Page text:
Virtual Internship – NOW!

Borne out of this pandemic, is the notion of practicing social distancing. Initially, it didn’t’ seem that cumbersome – I mean how many of us ‘social distance’ on our daily commute or when we see a panhandler. But, several weeks of ‘social distancing’ have opened up a new way of thinking, a new way living and a new way of working.

What some will notice is that almost certainly the number of persons seeking virtual internships will sharply increase. That doesn’t mean it’s impossible as virtual internships have been around for some time but virtual or remote internships will be in demand this year.

So, what’s a young mind to do? 

First, research. The beauty of virtual internships is that you aren’t limited to any specific geographical area. Now, if you live in California and apply for an internship overseas, it could be very difficult due to the time change.

Consider that many universities have virtual career fairs.  Professional organizations, consortiums and a number of government agencies host virtual career fairs as well. Do no limit yourself, searching on upcoming career events on the career websites could provide very beneficial.

www.linkedin.com

www.flexjobs.com

www.glassdoor.com

In addition to the career websites, a number of opportunities in both STEM and otherwise are available. Here are a few sites promoting virtual internships for this summer.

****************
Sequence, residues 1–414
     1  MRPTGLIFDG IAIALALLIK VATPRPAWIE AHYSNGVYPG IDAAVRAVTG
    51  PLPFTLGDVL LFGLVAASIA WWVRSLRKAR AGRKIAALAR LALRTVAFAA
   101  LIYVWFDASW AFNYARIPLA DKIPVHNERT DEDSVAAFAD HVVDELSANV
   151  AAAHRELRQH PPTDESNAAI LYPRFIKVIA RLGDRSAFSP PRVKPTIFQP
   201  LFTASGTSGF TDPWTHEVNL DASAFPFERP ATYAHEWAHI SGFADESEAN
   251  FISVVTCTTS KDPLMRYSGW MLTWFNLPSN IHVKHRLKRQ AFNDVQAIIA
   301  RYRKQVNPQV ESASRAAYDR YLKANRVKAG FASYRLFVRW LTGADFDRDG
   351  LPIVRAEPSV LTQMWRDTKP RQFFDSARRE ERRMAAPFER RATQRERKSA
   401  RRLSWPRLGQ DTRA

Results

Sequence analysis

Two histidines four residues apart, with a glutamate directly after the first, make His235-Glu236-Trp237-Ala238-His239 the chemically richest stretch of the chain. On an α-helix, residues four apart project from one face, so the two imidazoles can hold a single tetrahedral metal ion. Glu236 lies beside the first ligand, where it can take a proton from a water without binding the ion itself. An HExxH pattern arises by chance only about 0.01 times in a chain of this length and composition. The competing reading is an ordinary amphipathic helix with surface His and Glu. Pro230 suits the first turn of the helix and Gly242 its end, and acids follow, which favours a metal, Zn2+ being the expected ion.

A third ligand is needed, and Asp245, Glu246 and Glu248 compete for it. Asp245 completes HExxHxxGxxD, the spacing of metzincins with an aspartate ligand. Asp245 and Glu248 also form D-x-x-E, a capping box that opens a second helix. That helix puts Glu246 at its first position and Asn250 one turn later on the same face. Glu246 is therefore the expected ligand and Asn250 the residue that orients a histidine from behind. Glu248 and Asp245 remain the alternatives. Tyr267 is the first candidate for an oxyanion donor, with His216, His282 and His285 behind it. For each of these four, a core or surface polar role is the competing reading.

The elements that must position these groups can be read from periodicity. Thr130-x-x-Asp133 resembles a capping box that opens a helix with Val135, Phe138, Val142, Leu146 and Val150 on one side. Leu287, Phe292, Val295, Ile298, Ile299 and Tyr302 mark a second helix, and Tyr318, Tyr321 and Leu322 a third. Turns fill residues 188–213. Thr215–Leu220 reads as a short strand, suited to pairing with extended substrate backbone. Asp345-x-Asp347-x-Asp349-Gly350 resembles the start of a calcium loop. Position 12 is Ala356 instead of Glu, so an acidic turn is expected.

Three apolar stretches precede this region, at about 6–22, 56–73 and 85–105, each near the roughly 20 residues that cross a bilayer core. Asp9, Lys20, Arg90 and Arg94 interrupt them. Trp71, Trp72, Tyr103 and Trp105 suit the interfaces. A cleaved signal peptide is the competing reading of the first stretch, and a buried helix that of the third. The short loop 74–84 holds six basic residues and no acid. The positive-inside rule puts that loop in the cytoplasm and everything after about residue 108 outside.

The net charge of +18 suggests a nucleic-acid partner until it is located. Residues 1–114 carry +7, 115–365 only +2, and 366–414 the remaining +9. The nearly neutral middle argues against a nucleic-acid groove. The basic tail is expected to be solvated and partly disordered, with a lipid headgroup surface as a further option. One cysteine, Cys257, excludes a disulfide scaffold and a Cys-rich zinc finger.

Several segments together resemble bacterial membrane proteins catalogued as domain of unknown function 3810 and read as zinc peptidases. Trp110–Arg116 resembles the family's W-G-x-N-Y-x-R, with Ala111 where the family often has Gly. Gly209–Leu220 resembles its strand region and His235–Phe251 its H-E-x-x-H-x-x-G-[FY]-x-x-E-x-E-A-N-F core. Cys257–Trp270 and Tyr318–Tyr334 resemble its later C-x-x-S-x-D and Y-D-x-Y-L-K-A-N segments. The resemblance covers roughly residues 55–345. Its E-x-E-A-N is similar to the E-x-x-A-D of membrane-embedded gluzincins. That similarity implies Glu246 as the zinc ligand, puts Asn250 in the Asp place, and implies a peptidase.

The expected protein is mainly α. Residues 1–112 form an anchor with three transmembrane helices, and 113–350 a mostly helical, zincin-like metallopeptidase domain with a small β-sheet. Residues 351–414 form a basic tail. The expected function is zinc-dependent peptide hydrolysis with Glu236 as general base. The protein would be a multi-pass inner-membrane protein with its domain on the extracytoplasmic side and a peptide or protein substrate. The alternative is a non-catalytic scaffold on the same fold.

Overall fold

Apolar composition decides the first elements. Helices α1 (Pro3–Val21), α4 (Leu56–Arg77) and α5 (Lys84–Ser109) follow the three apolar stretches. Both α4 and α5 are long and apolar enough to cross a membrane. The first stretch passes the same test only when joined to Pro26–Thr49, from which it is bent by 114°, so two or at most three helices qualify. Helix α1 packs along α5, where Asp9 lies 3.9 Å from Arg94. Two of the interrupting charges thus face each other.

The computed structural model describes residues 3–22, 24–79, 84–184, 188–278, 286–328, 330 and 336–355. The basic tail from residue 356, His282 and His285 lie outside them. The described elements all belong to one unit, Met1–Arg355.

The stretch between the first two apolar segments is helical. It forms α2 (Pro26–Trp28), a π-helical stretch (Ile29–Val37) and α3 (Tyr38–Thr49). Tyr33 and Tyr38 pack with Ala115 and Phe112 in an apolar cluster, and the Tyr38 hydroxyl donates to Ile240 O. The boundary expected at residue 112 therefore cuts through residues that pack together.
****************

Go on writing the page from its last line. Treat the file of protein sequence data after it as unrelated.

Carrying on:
https://summerofcode.withgoogle.com

https://www.freedommortgage.com/career-students

https://tischcollege.tufts.edu/education/tisch-summer-fellows/2020-remote-internships

https://www.ucdc.edu/academic/ucdc-summer-academic-program

Don’t forget ‘social media’ (e.g., facebook, twitter, etc.) and ‘word-of-mouth’ still work. 

What’s next?

Success. The hardest aspect of being a virtual intern is to be impactful. It’s hard to make a ‘real’ connection virtually. It may be a good idea to engage your employer and co-workers more so than if you would in the office. Don’t be afraid to request for a virtual lunch, ask questions – this may be a mentoring opportunity. 

Confirm the communication. As there are a number of methods to communicate, ask both your employer and your team if there’s a preferred method. Who should you contact ‘daily’ or ‘weekly’ – sometimes expectations aren’t conveyed well virtually. This helps both you and your employer in establishing these guidelines sooner than later. You want to leave a lasting impression – that you performed well and you were available. 

Structure your work times. Some employers may suggest working at your leisure but setting up clearly defined times establishes your availability. Perception that you are available is paramount. Be prepared and make sure you are adhering to policies and deadlines. If there’s an issue or concern, it’s always better to ask. Sometimes ideas get lost in translation and confirming assignments as well as deadlines can only assist.

Stay Safe.

~Blog by Dorothy’s Daughter

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